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Daily Corriere - issue no. 2 - Global AgriKnowledge Share Fair daily newspaper
 

Daily Corriere - issue no. 2 - Global AgriKnowledge Share Fair daily newspaper

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    Daily Corriere - issue no. 2 - Global AgriKnowledge Share Fair daily newspaper Daily Corriere - issue no. 2 - Global AgriKnowledge Share Fair daily newspaper Document Transcript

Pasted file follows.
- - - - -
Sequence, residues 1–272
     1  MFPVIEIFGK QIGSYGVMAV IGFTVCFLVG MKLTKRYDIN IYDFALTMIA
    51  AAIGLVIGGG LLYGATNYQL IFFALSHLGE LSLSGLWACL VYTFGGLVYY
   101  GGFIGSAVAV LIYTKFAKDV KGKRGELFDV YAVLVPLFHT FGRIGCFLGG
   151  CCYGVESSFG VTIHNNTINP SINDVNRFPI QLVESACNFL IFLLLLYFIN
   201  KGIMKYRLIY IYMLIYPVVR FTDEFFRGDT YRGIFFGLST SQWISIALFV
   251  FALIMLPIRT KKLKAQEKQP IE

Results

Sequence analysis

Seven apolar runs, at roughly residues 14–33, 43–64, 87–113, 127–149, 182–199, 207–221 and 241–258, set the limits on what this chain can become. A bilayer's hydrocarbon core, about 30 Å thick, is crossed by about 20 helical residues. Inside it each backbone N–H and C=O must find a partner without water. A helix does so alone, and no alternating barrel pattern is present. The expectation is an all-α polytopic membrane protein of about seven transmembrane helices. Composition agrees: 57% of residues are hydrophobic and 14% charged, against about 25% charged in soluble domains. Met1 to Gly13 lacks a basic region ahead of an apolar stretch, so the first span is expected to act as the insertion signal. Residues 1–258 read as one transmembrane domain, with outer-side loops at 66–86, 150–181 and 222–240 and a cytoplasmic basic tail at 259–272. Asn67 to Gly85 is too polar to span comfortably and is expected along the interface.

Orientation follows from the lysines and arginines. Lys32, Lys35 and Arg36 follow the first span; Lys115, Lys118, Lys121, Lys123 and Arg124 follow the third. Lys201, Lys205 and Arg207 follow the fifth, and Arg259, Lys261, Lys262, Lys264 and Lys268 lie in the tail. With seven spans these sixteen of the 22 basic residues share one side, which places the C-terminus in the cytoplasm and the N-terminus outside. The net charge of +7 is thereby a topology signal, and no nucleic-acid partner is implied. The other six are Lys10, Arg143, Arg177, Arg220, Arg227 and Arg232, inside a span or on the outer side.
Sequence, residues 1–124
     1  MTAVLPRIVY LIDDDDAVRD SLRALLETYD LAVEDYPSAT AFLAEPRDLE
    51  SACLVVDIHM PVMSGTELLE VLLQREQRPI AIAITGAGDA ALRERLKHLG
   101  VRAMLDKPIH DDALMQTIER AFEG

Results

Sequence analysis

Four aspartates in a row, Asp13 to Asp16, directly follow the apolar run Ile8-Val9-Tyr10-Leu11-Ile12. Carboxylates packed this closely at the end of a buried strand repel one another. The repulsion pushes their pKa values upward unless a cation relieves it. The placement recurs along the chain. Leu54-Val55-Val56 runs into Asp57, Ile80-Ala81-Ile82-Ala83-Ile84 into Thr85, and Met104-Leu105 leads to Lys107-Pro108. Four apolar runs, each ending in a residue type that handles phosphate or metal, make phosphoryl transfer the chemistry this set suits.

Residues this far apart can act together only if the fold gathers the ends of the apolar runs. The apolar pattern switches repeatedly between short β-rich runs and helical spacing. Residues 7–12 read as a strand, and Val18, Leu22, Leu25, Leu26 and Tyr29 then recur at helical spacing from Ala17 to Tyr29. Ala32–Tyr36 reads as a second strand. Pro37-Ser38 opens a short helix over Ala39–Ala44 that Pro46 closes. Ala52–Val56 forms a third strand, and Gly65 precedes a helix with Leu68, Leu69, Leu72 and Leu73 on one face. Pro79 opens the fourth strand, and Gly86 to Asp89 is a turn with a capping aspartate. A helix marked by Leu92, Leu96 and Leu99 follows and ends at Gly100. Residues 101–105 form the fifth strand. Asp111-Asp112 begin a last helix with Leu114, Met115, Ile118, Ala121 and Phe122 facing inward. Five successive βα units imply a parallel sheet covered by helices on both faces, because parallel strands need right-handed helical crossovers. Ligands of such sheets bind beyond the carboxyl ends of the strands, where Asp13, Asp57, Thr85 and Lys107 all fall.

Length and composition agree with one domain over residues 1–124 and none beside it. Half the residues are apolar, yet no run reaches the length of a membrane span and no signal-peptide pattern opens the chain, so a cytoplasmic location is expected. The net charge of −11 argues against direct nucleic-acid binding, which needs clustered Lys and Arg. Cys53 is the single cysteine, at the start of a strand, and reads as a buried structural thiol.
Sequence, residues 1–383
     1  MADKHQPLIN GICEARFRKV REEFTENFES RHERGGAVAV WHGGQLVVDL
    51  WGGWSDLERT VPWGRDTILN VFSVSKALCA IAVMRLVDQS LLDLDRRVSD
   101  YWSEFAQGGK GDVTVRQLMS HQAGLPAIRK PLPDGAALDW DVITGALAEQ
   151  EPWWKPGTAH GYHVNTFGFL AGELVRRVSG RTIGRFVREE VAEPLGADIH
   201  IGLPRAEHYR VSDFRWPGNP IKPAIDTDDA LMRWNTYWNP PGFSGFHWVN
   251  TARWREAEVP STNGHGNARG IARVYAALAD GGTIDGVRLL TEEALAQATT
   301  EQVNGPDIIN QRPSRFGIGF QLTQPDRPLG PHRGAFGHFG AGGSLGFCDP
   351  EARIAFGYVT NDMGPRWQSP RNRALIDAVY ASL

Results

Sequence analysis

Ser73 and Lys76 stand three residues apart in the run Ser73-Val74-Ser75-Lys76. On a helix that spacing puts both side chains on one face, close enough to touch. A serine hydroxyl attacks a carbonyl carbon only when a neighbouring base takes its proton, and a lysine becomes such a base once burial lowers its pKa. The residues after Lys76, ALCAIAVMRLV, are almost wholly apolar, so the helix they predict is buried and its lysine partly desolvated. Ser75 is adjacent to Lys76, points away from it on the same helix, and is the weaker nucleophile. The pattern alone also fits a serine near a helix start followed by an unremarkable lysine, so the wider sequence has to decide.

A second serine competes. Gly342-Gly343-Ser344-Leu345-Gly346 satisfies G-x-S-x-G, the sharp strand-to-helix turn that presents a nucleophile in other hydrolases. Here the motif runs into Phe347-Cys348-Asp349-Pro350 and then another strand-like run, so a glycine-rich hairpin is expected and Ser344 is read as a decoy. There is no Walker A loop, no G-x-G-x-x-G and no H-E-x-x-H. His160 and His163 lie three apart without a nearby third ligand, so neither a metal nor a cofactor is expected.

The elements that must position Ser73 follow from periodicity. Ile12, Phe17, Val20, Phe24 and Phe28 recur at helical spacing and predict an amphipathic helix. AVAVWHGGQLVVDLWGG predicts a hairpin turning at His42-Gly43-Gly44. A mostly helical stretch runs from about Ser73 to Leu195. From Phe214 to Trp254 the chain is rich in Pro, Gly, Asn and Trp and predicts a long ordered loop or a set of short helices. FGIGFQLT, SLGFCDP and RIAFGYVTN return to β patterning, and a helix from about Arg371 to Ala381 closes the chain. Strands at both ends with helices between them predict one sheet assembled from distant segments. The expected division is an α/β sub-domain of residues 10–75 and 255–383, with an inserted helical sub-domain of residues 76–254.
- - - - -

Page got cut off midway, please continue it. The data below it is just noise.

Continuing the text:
• 27 September 2011 – Issue number 2 HIGHLIGHTS of 27 SEPTEMBERThe show is on the road 10:00 inaugural session in the Italian Conference Room followed by keynoteWell, the show is on the road. And IFAD’s address by Rob Burnetbuilding has metamorphised. There is specialenergy in the building. Everyone is happy and 11:30 in the Oval Room Modibo Traorésmiling. It is lovely to see so many familiar faces (FAO), Carlos Seré (ILRI) and Antonioand even more new faces. Rota (IFAD) will discuss the strengths andYesterday walking around the building you could see friends connecting weaknesses of recent livestock research forwith each other, you felt the buzz, felt the intensity of the conversations development, and explore key challenges for the futureand you witnessed how this positive energy was contagious and wasgetting everyone excited. 11:30 Communities of practice clinic withThe share fair-er’s energy cut through the walls and the glass windows. A Etienne Wenger and Nancy Whitecolleague on the fourth floor said: “I am so lucky, I am sitting in myoffice and listening to the microblogging session”. 14:00 in the oval room Emile Frison, Jean Francois Giovanetti, Rodney Cooke, Mark All the sessions were packed. And Holderness will talk about how can we social media played a great role. make agricultural innovation systems (AIS) Thanks to the fantastic social work for smallhoders? reporting, we connected with many people who could not make it to the 16:00 in the oval room Michel Payne- share fair and many colleagues who Knoper will give a keynote address on were unable to leave their offices. Empowerment through engagement: There was a lot of knowledge and Connecting farmers globally learning shared on the Twitter wall. 17:00 Find out more about some innovativeThanks to the social media integration on the webcasting we managed to devices and products at the Show and Tellbring the voices and excellent questions of people outside the room to the session in the atriumBill and Melinda Gates Foundation session. Make sure you visit the Art for AIDSEtienne Wenger’s keynote address International stunning art exhibit in theon communities of practice atrium and minus 1highlighted a number of key issues Get your dinner tickets for 28 September at(see Communities of Practice and the registration desk for Euro 10.strategic capabilities). Accordingto Etienne, communities ofpractices are a vehicle to develop PROGRAMME CHANGEstrategic capabilities within an Dgroups meeting 14:00-15:30 in roomorganization. He also underlined B100 and 16:00-17:00 in room C200how the discourse around knowledge sharing and CoPs needs to change Text to Change: Providing Bolivian farmersas too often we focus only on the operational level of knowledge sharing, commodity prices (54) will not take placeas opposed to a more strategic conversation about the domains where anorganization needs to excel, and the importance of creating space wherestaff can engage and develop those capabilities. Make sure you watch thePier Andrea Pirani’s interview with Etienne athttp://blog.sharefair.net/2011/09/share-fair-day-0-conversation-with.htmlAs we move to the second day of the Share Fair, we remind you toponder on a fundamental question - what is the value and impact of suchevents. We want to hear your views and we’ll do so at the closingceremony.